Thursday, January 8, 2009

Wholeness and the Implicate Order

I am generally skeptical of authors who claim to find scientific proof for the existence of God. Whether New Age or Intelligent Design, they tend to oversimplify, if not actively mislead.

David Bohm is a little bit different. For one thing, he's oldschool -- died in 1992, worked with Einstein and Oppenheimer. Bohm posited the "non-local" hidden variable theory, an interpretation of quantum mechanics that requires that all particles in the universe be able to instantaneously exchange information with all others. This theory has not been disproven and was still the subject of active investigation as recently as 2007. (Nature 446, 871-875)

So what does all this have to with God? In his later writings, Bohm argues that our universe is better viewed as a living organism than as a mechanistic, deterministic system. What we experience as reality is actually a hologram-like projection of information from an immense multidimensional ground. Consciousness plays a rather special role. The interesting thing is that he has math to back it up.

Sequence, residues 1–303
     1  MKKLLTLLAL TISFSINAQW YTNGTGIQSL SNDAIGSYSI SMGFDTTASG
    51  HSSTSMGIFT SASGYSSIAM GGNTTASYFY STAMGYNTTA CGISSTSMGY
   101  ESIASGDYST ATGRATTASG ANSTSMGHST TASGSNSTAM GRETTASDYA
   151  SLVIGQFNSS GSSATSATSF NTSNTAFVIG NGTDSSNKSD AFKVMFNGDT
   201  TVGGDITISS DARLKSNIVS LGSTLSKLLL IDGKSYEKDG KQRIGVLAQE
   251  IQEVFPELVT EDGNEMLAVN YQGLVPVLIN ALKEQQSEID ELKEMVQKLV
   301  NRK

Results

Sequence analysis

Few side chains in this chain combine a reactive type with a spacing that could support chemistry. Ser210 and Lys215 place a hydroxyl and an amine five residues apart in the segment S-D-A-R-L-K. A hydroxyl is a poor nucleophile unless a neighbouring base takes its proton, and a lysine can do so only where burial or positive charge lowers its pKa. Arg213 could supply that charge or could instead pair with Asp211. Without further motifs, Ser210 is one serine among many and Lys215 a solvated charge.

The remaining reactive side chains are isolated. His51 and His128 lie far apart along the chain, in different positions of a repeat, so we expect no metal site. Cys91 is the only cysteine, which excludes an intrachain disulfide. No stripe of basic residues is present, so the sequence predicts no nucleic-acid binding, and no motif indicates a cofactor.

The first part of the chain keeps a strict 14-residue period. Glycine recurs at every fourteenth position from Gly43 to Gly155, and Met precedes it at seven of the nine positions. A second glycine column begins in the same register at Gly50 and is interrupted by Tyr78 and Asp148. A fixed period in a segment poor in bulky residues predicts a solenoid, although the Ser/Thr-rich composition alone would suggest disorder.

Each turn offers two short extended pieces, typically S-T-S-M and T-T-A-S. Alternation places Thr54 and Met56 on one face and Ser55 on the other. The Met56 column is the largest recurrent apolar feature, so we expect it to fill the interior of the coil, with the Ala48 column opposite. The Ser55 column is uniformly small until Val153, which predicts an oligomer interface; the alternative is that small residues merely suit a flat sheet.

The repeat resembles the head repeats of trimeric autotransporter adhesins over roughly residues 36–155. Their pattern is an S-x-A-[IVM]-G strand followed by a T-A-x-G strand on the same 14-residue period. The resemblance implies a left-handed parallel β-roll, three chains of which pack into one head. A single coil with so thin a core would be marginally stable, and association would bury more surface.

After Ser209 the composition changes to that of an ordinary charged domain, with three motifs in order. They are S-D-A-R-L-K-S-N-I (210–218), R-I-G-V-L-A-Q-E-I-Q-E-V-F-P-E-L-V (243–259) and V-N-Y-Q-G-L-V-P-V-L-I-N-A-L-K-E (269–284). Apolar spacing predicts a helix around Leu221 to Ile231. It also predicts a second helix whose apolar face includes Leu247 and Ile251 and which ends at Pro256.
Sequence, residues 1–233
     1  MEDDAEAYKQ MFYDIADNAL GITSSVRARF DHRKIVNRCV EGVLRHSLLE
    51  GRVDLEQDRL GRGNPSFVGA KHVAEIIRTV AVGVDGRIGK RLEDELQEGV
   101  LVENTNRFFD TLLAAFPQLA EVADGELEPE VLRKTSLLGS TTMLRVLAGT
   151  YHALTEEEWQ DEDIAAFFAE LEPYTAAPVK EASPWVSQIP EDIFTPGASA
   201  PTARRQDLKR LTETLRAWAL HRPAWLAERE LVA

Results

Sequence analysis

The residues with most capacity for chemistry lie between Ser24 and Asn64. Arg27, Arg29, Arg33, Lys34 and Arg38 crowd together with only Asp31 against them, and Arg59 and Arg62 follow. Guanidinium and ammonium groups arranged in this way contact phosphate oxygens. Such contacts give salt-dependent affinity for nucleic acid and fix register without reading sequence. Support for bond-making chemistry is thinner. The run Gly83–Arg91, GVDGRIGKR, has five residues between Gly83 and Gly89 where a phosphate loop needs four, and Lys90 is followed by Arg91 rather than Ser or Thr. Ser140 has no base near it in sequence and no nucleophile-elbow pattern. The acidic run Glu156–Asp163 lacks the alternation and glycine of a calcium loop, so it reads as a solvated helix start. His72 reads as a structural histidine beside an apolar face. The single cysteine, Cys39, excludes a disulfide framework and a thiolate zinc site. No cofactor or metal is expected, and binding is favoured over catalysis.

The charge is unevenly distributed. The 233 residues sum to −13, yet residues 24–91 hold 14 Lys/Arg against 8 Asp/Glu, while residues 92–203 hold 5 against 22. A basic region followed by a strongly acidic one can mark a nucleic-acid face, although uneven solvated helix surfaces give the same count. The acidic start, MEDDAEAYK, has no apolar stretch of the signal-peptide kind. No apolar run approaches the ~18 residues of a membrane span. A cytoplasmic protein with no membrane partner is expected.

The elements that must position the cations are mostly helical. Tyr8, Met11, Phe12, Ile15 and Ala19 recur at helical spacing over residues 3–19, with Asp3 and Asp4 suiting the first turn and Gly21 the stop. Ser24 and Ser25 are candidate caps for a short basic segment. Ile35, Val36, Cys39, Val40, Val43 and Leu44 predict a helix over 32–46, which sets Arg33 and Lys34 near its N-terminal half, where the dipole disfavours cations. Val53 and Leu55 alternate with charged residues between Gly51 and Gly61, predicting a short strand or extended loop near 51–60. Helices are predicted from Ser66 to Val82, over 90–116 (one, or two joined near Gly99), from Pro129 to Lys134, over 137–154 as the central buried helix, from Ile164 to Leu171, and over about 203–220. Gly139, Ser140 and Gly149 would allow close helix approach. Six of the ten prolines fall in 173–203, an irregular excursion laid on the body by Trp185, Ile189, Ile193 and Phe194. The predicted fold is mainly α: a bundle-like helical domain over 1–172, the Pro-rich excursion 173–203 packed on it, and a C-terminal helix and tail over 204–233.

I don't have the technical skills to evaluate that core tenets of his thesis, but I do like the way that he presents it. Wholeness and the Implicate Order (1980, Routledge) does not tell people what to do or how to act. Rather he shares a somewhat dry series of equations and analogies exploring what he freely acknowledges is a "necessarily sketchy treatment."

Bohm admits that his findings are not authoritative, but does not hesitate to ask the very biggest of big questions. That's my kind of belief system.

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